Racial prejudices, underpinned by pseudoscientific theories of the era, propagated the belief that African Americans were inherently inferior. This alleged inferiority was used as a justification for their enslavement, positioning it as a ‘civilizing’ institution that purportedly benefited both the enslaved and their enslavers.
The social hierarchy was another factor. A society without slavery would demand a reconfiguration of social order. For many white Southerners, the idea of living alongside free African Americans as equals posed a significant challenge to their deeply ingrained worldview.
Religion, too, played its part. While many abolitionists used faith to condemn slavery, pro-slavery advocates frequently cited religious texts to justify the institution. Interpretations of scriptures that seemed to endorse slavery or the subjugation of one group by another were often highlighted in religious discourses of the South.
The political arena in the pre-Civil War United States was rife with tension over the issue of slavery. Slavery wasn’t just a Southern concern; it influenced national politics and policy decisions at every level.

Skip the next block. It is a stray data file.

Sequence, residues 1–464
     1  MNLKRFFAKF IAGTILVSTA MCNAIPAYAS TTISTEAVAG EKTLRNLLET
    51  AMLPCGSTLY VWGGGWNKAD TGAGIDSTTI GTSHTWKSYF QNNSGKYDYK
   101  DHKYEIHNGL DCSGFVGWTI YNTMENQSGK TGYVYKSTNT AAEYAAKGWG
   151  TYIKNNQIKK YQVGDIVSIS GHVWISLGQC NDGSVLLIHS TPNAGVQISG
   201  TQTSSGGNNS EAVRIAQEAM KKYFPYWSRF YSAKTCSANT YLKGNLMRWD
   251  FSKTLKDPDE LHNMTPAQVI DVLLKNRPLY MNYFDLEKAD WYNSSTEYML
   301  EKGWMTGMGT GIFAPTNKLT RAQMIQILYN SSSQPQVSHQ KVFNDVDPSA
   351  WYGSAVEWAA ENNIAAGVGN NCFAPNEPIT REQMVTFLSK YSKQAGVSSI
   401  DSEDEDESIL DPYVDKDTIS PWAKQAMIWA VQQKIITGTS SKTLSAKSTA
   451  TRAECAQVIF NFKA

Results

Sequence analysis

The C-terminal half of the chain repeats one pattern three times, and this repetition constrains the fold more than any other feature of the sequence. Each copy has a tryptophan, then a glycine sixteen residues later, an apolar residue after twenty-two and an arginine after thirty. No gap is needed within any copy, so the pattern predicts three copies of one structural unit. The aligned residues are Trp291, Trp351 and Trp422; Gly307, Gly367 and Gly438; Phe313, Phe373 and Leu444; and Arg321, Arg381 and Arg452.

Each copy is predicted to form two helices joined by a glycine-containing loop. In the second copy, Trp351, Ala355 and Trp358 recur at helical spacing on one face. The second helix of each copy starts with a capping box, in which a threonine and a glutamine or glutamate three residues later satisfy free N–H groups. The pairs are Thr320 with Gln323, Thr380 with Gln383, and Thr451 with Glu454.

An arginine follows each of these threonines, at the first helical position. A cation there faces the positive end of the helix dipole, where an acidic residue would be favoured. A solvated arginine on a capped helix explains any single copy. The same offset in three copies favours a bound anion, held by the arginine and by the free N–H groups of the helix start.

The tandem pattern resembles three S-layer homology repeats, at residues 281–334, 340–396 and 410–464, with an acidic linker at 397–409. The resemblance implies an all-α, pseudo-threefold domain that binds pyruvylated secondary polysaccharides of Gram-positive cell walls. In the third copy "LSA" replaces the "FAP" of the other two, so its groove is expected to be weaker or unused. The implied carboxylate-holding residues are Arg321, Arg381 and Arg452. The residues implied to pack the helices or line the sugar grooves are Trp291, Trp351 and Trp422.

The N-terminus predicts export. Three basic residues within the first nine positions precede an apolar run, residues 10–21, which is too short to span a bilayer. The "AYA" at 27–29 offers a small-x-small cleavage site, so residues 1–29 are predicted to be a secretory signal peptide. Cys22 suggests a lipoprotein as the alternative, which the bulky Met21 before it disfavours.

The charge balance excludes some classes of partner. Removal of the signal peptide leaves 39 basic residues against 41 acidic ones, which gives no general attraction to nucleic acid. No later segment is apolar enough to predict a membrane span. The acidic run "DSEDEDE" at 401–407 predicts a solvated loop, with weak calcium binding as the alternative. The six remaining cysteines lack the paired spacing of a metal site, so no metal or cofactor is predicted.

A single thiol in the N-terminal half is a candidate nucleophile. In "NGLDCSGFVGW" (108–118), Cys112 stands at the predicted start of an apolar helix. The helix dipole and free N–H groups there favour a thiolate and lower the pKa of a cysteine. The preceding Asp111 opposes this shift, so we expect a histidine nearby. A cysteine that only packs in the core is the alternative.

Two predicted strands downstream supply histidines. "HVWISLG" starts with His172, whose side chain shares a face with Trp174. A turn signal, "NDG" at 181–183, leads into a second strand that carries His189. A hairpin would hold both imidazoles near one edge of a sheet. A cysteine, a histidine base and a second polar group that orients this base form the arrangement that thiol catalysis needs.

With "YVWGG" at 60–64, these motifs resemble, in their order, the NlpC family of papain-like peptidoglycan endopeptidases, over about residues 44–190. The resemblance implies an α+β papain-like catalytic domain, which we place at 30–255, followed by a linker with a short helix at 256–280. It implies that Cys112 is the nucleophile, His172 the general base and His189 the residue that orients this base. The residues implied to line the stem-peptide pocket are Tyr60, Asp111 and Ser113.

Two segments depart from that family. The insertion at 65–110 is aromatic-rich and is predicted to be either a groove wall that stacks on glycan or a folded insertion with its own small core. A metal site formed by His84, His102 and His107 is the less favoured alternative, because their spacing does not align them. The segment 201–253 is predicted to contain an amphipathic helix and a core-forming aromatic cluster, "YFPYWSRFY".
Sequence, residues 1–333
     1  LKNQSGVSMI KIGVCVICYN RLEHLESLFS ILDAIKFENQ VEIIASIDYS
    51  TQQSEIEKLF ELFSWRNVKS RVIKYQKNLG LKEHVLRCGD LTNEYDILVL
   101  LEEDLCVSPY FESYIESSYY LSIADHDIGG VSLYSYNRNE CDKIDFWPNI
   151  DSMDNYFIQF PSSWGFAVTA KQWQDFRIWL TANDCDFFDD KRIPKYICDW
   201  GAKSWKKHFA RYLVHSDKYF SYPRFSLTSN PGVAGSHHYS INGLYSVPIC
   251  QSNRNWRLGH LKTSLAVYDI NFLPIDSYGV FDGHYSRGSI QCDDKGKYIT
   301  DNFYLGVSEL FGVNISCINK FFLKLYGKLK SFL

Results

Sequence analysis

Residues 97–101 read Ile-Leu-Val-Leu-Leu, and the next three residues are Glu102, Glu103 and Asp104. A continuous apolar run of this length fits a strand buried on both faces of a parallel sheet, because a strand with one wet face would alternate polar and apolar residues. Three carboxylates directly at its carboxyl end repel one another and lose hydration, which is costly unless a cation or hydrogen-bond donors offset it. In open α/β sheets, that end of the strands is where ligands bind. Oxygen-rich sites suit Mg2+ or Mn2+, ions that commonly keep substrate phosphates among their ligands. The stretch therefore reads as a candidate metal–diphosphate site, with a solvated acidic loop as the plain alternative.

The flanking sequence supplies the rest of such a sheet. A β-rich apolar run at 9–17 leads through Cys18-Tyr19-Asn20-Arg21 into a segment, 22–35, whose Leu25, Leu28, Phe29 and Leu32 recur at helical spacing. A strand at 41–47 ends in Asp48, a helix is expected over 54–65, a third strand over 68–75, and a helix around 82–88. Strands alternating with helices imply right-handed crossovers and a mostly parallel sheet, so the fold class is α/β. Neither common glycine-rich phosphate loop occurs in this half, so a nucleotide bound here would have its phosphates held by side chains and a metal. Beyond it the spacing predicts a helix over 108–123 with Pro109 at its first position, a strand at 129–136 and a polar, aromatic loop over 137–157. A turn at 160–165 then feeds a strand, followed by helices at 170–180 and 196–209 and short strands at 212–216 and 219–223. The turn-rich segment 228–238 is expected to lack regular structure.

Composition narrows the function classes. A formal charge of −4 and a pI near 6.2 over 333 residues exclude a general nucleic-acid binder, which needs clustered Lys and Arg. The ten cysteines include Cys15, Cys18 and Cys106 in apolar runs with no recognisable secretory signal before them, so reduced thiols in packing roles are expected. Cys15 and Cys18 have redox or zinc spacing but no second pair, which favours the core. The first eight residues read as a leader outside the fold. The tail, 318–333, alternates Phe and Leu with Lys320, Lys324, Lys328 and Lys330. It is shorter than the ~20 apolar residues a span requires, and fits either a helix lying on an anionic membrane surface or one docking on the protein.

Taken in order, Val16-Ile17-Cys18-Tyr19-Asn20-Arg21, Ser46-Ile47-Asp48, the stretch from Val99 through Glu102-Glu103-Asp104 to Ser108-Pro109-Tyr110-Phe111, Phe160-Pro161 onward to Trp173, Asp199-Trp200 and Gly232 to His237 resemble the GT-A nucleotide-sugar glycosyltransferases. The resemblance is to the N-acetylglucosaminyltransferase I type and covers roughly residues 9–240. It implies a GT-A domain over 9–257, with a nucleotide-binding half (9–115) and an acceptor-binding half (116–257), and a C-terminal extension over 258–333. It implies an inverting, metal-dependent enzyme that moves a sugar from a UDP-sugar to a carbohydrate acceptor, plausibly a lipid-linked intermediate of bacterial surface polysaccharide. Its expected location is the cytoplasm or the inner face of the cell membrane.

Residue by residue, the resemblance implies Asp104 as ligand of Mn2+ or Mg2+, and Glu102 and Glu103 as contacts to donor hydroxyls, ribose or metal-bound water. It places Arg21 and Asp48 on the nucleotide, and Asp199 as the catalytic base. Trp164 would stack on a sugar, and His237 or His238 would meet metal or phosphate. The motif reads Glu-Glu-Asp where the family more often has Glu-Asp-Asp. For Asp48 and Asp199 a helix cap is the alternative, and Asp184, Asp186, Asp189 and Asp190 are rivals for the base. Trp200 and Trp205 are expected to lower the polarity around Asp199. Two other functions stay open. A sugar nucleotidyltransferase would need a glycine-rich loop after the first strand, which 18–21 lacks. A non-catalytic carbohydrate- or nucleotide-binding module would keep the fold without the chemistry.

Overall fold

Representation was a key issue. The three-fifths compromise, enshrined in the Constitution, allowed states to count slaves as three-fifths of a person for purposes of representation. This effectively gave slaveholding states disproportionate power in the U.S. Congress, enabling them to push for laws and regulations that protected and expanded the institution of slavery.
As the nation expanded westward, the question of whether new states would be admitted as free or slaveholding became a constant source of tension. Battles over territories like Kansas and Nebraska underscored the deep divisions and the lengths to which both sides were willing to go to protect their interests.